My Boy Lollipop
|"My Boy Lollypop"|
|Single by Barbie Gaye|
|B-side||"Say You Understand"|
|Venue||New York City, U.S.|
|Genre||Rhythm and blues, ska|
|Songwriter(s)||Robert Spencer, Barbie Gaye|
(Co-credited to Johnny Roberts)
|Barbie Gaye singles chronology|
"My Boy Lollipop" (originally "My Girl Lollypop") is a song written in the mid-1950s by Robert Spencer of the doo-wop group The Cadillacs, and usually credited to Spencer, Morris Levy, and Johnny Roberts. It was first recorded in 1956 by American singer Barbie Gaye under the title My Boy Lollypop. A later version recorded by Jamaican singer Millie Small in 1964, with very similar rhythm, became one of the top-selling ska songs of all time and was an international hit compared to the original.
Barbie Gaye original version
The original song "My Girl Lollypop" was written by Robert Spencer of the doo-wop group The Cadillacs. Notorious record company executive Morris Levy agreed to purchase the song from Spencer. Although not involved in writing the song, Levy and alleged gangster Johnny Roberts listed themselves as the song's authors. In an effort to avoid sharing any royalties with Spencer, Levy removed Spencer's name from the original writing credits. Levy even claimed that Robert Spencer was his pseudonym.
The song caught the attention of one of Levy's partners, the later convicted mobster and music mogul Gaetano Vastola, aka "Corky". Vastola had recently discovered 14-year-old singer Barbie Gaye after hearing her sing on a street corner in Coney Island, Brooklyn. Vastola was so impressed that he immediately took her to meet New York radio DJ Alan Freed. Gaye sang a few songs for them and Freed was equally impressed. Vastola became Gaye's manager and within days, he acquired the sheet music and lyrics for "My Girl Lollypop" from Levy. He gave them to Gaye, with no specific instructions except to change the gender of the song's subject and be ready to perform it by the following week. Gaye changed the song's title to "My Boy Lollypop" and rewrote the song accordingly. She added non-lyrical utterances such as "whoa" and "uh oh", chose the notes for the lyrics, shortened and lengthened notes, decided which lyrics to repeat ("I love ya, I love ya, I love ya so") and added the word "dandy" to describe the subject.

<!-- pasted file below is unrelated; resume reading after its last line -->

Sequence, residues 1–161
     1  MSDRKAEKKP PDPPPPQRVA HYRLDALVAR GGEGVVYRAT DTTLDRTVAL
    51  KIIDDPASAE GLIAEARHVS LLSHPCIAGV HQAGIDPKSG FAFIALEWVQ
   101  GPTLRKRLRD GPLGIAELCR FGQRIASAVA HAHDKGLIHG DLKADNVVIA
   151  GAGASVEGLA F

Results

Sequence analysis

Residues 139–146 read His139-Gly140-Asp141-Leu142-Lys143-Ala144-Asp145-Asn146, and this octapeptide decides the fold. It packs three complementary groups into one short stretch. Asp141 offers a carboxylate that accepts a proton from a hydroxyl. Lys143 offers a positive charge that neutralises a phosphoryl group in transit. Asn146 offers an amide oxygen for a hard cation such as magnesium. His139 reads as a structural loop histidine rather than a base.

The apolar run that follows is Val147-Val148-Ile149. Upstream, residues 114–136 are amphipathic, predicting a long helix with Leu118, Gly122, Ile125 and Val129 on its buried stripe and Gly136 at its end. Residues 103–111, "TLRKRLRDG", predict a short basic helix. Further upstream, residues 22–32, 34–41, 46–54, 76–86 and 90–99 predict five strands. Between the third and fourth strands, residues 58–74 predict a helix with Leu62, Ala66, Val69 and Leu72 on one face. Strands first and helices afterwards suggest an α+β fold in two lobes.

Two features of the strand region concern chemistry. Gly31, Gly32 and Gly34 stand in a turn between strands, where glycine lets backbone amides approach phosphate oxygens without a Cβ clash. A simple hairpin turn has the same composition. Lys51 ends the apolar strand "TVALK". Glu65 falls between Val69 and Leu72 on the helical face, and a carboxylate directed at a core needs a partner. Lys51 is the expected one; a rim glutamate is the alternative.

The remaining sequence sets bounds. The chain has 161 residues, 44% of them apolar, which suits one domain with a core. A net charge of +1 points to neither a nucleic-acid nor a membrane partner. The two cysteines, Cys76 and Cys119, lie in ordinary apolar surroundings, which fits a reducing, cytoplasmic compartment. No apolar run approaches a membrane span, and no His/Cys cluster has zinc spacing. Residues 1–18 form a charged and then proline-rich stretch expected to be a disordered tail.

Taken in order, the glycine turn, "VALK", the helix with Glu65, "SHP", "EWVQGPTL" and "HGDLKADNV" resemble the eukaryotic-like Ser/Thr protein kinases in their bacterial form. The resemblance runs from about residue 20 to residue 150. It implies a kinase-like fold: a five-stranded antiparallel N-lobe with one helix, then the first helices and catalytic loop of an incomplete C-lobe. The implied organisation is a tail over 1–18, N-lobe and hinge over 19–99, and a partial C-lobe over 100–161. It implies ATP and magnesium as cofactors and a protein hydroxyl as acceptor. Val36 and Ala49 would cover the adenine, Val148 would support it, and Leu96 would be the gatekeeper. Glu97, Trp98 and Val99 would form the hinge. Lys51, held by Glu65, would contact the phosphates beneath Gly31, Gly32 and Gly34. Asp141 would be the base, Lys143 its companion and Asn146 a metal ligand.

When it came time to record, Gaye cut school and took the subway to a recording studio in Midtown Manhattan. Gaye met the three members of the session band, guitarist Leroy Kirkland, saxophonist Al Sears and drummer Panama Francis. The band leader, Kirkland, asked Gaye to sing the song for them. After listening to her, they improvised music to match her vocals. They decided to record the song in a relatively new style of R&B called shuffle. The four musicians, including the white teenage girl, went into the studio and recorded the song in one take. Barbie Gaye was paid $200 for her writing contributions to "My Boy Lollypop" and her studio recording. The shuffle sound was developed in the early 1940s in America's black community and made popular by Professor Longhair, Rosco Gordon and Louis Jordan. The Jamaican artists, Clement "Coxsone" Dodd and Arthur "Duke" Reid, introduced the R&B shuffle beat to Jamaica in the late 1950s.
Barbie Gaye's recording was released as a single by Darl Records in late 1956. It was heavily played by Alan Freed, and listener requests made the song No. 25 on Freed's Top 25 on WINS, New York in November 1956. The record sold in sufficient quantities locally to gain her a place in Freed's annual Christmas show at the New York Paramount in December 1956, when she opened for Little Richard. The following year, Gaye toured with Richard and Fats Domino. The singer and songwriter Ellie Greenwich, then a teenager living on Long Island, was so taken by the record that she named herself Ellie Gaye when she embarked on her recording career. Gaye's recording of "My Boy Lollypop" was popular in New York City, and a few other Northeastern cities. In the late 1950s, Chris Blackwell, founder of Island Records, sold copies of the song to the Jamaican Sound Systems, where it became a popular song among sound system patrons, despite the fact that its singer was not of African descent. Her manager, Gaetano Vastola, routinely counterfeited his artists' music to keep all the profits, so the record's sales are difficult to determine.